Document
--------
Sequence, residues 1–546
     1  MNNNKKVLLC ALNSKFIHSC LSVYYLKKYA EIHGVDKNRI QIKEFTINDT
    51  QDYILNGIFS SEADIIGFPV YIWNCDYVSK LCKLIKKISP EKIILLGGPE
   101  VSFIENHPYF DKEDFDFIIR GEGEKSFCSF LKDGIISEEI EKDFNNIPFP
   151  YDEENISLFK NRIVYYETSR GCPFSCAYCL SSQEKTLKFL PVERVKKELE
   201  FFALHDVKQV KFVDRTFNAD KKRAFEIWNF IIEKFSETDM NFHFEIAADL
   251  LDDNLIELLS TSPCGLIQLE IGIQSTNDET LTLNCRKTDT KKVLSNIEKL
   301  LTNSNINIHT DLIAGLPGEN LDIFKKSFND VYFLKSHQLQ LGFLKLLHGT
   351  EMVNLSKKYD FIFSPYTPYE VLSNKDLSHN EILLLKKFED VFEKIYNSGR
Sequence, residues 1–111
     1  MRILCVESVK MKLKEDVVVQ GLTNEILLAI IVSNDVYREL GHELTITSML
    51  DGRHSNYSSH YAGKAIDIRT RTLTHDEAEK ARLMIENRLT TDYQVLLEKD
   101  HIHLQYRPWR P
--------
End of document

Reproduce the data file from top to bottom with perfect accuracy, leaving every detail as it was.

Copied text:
Sequence, residues 1–546
     1  MNNNKKVLLC ALNSKFIHSC LSVYYLKKYA EIHGVDKNRI QIKEFTINDT
    51  QDYILNGIFS SEADIIGFPV YIWNCDYVSK LCKLIKKISP EKIILLGGPE
   101  VSFIENHPYF DKEDFDFIIR GEGEKSFCSF LKDGIISEEI EKDFNNIPFP
   151  YDEENISLFK NRIVYYETSR GCPFSCAYCL SSQEKTLKFL PVERVKKELE
   201  FFALHDVKQV KFVDRTFNAD KKRAFEIWNF IIEKFSETDM NFHFEIAADL
   251  LDDNLIELLS TSPCGLIQLE IGIQSTNDET LTLNCRKTDT KKVLSNIEKL
   301  LTNSNINIHT DLIAGLPGEN LDIFKKSFND VYFLKSHQLQ LGFLKLLHGT
   351  EMVNLSKKYD FIFSPYTPYE VLSNKDLSHN EILLLKKFED VFEKIYNSGR
Sequence, residues 1–111
     1  MRILCVESVK MKLKEDVVVQ GLTNEILLAI IVSNDVYREL GHELTITSML
    51  DGRHSNYSSH YAGKAIDIRT RTLTHDEAEK ARLMIENRLT TDYQVLLEKD
   101  HIHLQYRPWR P